4. Commission plays down row over Rwanda minerals pact
  5. EU socialists set to anoint placeholder candidate
  6. Why are the banking lobby afraid of a digital euro?
  7. Deepfake dystopia — Russia's disinformation in Spain and Italy
  8. Putin's nuclear riposte to Macron fails to impress EU diplomats

Stakeholders' Highlights

  1. Nordic Council of MinistersJoin the Nordic Food Systems Takeover at COP28
  2. Nordic Council of MinistersHow women and men are affected differently by climate policy
  3. Nordic Council of MinistersArtist Jessie Kleemann at Nordic pavilion during UN climate summit COP28
  4. Nordic Council of MinistersCOP28: Gathering Nordic and global experts to put food and health on the agenda
  5. Friedrich Naumann FoundationPoems of Liberty – Call for Submission “Human Rights in Inhume War”: 250€ honorary fee for selected poems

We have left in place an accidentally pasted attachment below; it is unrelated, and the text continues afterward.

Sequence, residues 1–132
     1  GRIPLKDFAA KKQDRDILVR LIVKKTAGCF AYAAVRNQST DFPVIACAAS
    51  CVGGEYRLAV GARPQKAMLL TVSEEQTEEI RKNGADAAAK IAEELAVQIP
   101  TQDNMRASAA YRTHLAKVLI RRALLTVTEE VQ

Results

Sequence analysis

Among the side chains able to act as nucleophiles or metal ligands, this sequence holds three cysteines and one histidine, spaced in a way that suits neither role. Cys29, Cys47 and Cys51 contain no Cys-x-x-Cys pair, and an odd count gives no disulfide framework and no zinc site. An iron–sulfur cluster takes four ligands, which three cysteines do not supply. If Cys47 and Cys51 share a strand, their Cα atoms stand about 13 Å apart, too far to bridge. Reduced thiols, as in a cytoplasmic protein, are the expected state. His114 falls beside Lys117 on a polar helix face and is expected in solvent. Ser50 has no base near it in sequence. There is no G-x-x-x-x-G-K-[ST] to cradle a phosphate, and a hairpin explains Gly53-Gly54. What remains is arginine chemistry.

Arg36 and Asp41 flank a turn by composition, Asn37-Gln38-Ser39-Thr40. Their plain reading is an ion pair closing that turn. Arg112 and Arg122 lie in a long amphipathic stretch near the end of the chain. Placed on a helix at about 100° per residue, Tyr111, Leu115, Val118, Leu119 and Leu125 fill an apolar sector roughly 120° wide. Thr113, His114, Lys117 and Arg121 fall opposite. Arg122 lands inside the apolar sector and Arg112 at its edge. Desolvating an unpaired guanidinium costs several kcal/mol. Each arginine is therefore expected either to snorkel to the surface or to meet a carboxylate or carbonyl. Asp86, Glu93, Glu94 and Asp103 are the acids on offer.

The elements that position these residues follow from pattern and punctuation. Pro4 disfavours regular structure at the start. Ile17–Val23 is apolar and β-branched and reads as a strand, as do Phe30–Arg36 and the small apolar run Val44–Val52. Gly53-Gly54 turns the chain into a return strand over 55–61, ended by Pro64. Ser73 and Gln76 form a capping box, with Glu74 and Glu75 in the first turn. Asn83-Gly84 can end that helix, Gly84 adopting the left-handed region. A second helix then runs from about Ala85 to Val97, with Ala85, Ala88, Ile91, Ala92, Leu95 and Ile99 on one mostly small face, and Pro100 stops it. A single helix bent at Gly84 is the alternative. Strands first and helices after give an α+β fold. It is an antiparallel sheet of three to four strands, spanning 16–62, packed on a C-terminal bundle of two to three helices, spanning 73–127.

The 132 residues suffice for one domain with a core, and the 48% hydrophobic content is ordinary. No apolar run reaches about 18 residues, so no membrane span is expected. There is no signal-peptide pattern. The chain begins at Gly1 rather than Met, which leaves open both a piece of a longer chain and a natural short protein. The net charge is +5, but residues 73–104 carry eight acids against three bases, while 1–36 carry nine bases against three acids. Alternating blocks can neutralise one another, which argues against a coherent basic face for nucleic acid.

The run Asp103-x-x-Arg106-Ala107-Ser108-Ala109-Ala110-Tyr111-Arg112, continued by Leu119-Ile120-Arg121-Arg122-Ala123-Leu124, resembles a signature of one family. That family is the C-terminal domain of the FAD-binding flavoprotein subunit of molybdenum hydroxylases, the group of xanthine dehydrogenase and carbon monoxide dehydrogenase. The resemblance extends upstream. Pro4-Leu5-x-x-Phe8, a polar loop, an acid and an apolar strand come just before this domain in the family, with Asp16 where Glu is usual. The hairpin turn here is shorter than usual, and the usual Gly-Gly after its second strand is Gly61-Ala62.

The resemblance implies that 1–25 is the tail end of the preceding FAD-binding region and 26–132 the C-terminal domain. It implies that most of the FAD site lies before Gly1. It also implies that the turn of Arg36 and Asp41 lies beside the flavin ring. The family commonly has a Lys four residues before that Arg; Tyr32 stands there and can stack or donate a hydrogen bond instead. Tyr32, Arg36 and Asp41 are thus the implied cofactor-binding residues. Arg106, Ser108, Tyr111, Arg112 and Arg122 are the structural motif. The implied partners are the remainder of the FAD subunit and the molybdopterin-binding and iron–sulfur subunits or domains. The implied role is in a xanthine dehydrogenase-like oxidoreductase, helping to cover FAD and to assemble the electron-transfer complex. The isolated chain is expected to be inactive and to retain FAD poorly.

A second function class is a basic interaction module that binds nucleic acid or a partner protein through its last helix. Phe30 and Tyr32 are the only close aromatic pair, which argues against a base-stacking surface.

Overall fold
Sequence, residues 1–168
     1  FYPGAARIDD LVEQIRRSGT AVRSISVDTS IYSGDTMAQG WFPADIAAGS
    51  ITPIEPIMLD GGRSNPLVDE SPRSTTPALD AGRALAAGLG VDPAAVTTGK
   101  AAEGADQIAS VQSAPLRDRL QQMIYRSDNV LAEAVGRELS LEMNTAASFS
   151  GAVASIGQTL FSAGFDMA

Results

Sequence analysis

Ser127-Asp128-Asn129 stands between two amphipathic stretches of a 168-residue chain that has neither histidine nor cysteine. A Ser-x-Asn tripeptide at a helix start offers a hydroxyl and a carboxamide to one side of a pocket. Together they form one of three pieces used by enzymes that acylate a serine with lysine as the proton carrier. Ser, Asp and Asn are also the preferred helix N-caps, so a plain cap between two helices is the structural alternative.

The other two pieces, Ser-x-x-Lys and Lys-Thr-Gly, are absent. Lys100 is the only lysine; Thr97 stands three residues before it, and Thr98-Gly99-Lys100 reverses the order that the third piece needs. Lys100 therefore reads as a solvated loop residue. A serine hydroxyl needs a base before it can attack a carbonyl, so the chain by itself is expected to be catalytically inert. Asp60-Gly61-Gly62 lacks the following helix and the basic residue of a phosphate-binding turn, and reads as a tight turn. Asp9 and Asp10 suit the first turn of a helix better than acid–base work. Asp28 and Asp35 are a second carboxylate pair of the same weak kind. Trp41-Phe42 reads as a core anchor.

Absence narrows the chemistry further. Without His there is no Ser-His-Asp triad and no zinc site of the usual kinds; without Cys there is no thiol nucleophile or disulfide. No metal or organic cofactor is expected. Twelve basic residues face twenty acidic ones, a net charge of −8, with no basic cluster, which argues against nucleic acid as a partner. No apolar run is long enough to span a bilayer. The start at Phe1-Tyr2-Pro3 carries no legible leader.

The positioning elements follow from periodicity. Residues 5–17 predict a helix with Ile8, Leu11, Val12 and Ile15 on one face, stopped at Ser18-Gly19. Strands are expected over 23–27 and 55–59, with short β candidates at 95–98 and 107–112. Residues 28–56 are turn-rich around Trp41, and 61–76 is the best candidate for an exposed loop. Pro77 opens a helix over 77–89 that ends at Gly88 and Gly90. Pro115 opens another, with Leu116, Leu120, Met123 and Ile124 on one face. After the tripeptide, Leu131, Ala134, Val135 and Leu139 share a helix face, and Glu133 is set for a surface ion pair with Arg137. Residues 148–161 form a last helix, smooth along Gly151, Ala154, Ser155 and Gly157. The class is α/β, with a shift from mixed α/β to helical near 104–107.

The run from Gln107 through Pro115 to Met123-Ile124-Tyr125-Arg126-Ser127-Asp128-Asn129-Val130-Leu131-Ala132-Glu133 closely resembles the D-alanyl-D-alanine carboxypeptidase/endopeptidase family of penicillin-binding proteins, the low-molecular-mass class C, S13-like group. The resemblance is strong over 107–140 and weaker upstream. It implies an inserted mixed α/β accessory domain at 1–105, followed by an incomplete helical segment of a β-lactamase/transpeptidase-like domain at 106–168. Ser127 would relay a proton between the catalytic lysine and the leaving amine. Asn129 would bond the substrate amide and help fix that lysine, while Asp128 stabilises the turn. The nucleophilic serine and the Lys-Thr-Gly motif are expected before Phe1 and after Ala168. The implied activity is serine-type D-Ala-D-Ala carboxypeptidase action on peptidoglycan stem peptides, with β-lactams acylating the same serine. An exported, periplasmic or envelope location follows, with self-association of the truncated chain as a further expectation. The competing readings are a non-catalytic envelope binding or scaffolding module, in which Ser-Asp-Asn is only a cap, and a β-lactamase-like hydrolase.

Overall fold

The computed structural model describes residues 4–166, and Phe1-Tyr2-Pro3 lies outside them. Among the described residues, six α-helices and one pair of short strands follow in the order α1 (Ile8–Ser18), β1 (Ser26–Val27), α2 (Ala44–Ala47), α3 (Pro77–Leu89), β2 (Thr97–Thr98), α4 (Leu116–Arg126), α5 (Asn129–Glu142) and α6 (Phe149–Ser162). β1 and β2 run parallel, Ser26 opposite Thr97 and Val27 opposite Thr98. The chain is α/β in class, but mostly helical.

6. World BankWorld Bank report: How to create a future where the rewards of technology benefit all levels of society?

Stakeholders' Highlights

  1. Georgia Ministry of Foreign AffairsThis autumn Europalia arts festival is all about GEORGIA!
  2. UNOPSFostering health system resilience in fragile and conflict-affected countries
  3. European Citizen's InitiativeThe European Commission launches the ‘ImagineEU’ competition for secondary school students in the EU.
  4. Nordic Council of MinistersThe Nordic Region is stepping up its efforts to reduce food waste
  5. UNOPSUNOPS begins works under EU-funded project to repair schools in Ukraine
  6. Georgia Ministry of Foreign AffairsGeorgia effectively prevents sanctions evasion against Russia – confirm EU, UK, USA

Join EUobserver

EU news that matters

Join us